MR. POTTER had just taken Ethel Spriggs into the kitchen to say good-by; in the small front room Mr. Spriggs, with his fingers already fumbling at the linen collar of ceremony, waited impatiently. “They get longer and longer over their good-bys,” he complained.By W. W. JACOBS IN THE COSMOPOLITAN17 min
A LITTLE more than two hundred years ago, on a bright Summer’s day, a lady might have been seen pacing up and down the marble terrace of an old house at Greenwich. It was a Royal holiday home, just an easy distance from the noise and heat of London, and none loved it better than Queen Mary, wife of William III.By F. MOORE IN BRITISH WORKMAN9 min
In this department we draw attention to a few of the more important topics treated in the current magazines and list the leading contents. Readers of The Busy Man’s Magazine can secure from their newsdealers the magazines in which they appear.
THAT first climb into Yunnan will ever remain impressed upon my memory as one of the very sensational experiences of my life. But before that there had been other wonders. Before ever I had thought of coming out to China I had heard of the transit of the wax insects— which are born as eggs on one tree in one province, and have to be carried by men to be placed on another kind of tree in another province—as one of its wonders, and there for days we had been nearly crowded off the road by these carriers.By MRS. ARCHIBALD LITTLE IN CORNHILL9 min
"Is that all you want, sir? Goods by the usual route, I suppose?” “Yes,” answered Mr. Gregson to the commercial traveller, who, after booking his order, had taken the precaution to read it out to him, so as to make sure that each entry was correct.By ALGERNON WARREN IN CHAMBERS’S JOURNAL14 min
"WORK too hard? Bosh! The healthy man can’t work too hard or too much. It isn’t work, but sleep and food, that kills men.” So spoke Thomas A. Edison, the inventor. Give him a spoonful of peas, or a cracker, and three hours’ sleep, and he can do a day’s work equal to almost three of the ordinary brand.By HERALD MAGAZINE9 min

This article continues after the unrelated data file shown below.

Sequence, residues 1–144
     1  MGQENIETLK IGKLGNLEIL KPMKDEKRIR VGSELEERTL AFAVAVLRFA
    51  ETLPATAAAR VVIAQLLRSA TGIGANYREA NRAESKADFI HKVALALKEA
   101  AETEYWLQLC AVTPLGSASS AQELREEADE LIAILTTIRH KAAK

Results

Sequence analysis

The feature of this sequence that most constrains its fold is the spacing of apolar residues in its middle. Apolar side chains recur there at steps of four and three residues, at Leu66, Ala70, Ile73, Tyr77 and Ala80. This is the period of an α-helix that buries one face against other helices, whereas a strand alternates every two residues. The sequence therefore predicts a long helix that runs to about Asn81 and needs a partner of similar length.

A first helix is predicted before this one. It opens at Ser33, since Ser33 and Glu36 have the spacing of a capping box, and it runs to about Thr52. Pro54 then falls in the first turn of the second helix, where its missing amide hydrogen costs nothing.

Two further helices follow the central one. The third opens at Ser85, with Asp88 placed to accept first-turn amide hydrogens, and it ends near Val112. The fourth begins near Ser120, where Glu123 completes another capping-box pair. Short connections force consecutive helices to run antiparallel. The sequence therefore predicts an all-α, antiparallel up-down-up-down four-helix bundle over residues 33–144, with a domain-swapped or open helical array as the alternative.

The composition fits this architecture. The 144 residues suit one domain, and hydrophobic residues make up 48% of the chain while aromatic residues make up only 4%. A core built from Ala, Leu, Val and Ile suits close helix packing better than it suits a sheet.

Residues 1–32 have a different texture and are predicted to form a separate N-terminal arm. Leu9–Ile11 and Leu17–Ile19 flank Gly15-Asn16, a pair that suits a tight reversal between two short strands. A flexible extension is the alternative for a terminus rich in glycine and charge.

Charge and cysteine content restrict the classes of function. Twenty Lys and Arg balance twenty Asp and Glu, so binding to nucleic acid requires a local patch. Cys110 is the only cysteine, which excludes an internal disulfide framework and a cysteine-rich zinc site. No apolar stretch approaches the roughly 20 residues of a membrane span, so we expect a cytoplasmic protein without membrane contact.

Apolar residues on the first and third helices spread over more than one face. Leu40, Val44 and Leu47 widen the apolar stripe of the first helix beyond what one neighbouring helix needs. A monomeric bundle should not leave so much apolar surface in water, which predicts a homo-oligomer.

FROM the point of view of a very small class, that class devoted to orchid growing, the most important result of the British Government's late mission to Tibet was the rediscovery of the Fairie lady slipper orchid, which has been lost for 50 years.By R.C.D. IN NEW YORK POST8 min
THERE is not a chapter of ancient history in the story of steel. Any one who visits the little Pennsylvania town of Bethlehem may still see John Fritz, who might almost be called the father of the steel mill. In Louisville still lives a whitehaired old lady, wife of William Kelly, the original inventor of what is called Bessemer steel.By HERBERT N. CASSON IN MUNSEY’S MAGAZINE13 min
HON. ROBERT JAFFRAY, who was created a Senator last March, was of Scotch farmer stock, and began life for himself as a grocer’s apprentice. It is a far cry from the Edinburgh grocery of J. R. Dymock to the Red Chamber at Ottawa; it is 60 years less one from the raw country lad and new apprentice of fifteen, just from school, to the tall, broad shouldered, athletic-looking old gentleman, financier, director of many companies, trusted counsellor of political leaders and captains of industry, now taking his seat in the Dominion Senate.By WALTER S. B. ARMSTRONG8 min
LESS than three years ago what is now known as Cobalt was as wild and desolate a place as can well be imagined—a land of steep, rocky elevations and depressions with a covering of soil sufficiently deep to support a dense growth of pine, cedar, poplar, birch and other trees.By WALLACE MACLEAN12 min
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